Tolstoy was a great novelist, but he wasn’t known for concision. That’s probably the reason why he didn’t use Twitter. Well, one of the reasons, at least.
Luckily for us, the compilers of the new book Twitterature have helped to condense into 140 characters what would have taken the Russian author 140 pages to describe. Each classic is squeezed into 20 tweets or fewer. For example, from Anna Karenina (SPOILER ALERT for those who haven’t had a chance to catch the nail-biting finale):
“Alright, twenty rubles says that I can toss my bag in the air, run across the tracks, and catch it before the train arriv–“
William Shakespeare, John Steinbeck, Thomas Pynchon, and even Dan Brown get the Twitter treatment in the book, to widely varying humorous effect. I like the premise of the whole thing, even if it’s sometimes a bit overcooked. Plus, the tweets actually cover the plot pretty well, so I can even imagine using this as a sort of jokey CliffsNotes. Here are a few more choice examples:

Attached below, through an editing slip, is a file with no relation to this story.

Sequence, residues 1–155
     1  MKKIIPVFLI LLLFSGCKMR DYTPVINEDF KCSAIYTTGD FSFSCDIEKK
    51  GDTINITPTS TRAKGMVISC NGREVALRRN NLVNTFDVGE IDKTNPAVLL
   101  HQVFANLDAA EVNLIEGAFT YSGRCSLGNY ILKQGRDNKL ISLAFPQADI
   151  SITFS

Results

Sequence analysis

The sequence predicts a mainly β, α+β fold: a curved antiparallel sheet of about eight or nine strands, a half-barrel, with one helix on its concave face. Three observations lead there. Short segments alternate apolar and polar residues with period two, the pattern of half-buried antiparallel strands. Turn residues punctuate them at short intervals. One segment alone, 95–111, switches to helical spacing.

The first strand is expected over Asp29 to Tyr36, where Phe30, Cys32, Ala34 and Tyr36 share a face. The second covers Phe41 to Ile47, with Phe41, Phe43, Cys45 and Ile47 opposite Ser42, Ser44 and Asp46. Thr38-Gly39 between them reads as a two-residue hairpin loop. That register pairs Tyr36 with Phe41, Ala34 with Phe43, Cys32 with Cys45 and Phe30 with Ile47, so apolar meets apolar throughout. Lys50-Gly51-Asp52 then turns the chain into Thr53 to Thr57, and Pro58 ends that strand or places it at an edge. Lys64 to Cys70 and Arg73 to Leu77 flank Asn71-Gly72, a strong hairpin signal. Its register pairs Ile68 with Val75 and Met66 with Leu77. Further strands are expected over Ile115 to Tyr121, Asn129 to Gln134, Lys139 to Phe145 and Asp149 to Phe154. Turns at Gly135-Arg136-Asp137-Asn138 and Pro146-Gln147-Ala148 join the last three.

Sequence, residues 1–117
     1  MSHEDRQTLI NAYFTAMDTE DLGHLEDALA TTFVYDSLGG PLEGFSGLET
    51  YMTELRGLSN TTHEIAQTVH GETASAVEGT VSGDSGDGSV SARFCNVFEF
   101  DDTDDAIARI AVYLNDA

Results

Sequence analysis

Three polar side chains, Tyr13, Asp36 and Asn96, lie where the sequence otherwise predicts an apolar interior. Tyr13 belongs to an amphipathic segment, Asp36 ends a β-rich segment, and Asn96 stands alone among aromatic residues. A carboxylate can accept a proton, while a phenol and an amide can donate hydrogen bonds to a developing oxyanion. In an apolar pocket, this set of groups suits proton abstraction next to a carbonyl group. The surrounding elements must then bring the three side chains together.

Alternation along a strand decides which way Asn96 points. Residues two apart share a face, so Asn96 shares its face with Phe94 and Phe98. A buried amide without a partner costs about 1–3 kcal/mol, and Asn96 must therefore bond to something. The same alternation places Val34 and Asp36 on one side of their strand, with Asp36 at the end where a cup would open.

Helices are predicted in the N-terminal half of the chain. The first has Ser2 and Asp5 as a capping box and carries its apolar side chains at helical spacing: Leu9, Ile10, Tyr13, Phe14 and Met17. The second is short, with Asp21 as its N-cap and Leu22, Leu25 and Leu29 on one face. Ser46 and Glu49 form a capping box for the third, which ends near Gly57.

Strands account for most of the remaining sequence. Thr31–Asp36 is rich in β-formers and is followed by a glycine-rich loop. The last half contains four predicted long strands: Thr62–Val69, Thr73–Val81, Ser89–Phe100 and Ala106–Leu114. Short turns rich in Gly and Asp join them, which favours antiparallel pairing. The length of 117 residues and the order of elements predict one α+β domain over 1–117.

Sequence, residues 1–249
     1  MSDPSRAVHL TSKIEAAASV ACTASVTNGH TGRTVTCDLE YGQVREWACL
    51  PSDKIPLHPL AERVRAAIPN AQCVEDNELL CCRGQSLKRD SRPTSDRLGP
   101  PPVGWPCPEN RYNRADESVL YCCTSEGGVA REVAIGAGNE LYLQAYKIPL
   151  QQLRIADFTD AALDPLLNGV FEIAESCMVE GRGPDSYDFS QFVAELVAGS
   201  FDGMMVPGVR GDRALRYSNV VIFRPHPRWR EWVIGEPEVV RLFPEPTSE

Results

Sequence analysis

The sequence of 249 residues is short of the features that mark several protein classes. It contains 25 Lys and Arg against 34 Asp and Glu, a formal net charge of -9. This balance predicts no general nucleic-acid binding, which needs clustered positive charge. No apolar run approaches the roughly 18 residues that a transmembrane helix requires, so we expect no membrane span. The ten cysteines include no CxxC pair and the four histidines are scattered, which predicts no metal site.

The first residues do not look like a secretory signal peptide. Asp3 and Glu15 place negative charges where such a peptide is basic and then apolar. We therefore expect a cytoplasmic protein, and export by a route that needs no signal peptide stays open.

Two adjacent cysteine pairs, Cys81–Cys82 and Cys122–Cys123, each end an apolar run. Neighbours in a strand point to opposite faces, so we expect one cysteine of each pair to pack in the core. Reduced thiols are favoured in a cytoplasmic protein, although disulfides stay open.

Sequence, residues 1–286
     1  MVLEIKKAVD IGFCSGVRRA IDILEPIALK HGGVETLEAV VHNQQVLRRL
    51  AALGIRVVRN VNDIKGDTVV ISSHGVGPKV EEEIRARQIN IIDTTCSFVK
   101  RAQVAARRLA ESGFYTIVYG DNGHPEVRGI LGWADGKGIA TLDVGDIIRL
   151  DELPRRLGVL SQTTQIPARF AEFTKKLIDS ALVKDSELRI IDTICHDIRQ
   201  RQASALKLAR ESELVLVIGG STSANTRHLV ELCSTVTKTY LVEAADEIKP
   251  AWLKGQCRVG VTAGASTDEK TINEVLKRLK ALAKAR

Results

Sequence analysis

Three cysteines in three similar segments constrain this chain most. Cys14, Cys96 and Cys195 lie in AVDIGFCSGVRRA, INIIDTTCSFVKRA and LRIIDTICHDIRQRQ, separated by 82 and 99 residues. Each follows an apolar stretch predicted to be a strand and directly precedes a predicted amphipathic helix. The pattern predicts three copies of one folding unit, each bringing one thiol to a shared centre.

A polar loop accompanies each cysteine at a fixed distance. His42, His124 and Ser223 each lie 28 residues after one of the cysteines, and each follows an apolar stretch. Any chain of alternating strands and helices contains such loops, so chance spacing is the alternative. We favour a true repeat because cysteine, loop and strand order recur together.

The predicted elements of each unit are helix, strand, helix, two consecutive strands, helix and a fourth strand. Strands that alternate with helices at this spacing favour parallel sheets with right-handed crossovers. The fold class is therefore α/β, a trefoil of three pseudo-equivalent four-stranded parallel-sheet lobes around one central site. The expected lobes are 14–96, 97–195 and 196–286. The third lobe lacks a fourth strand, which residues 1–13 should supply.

“SATAN HAS THREE HEADS, AND THEY ARE TOTALLY EATING PEOPLE” Dante’s The Inferno
“S—. ‘C-Section’ is not ‘of woman born’? What kind of king dies on a g–d— technicality?” Shakespeare’s Macbeth
“Robert Downey Jr. playing me in a film? Totally cool. Perfect.” A.C. Doyle’s Sherlock Holmes
What do you think? Are Twitter and classic lit like chocolate and peanut butter, two great things that go great together? Or is it more like chocolate and anchovy paste?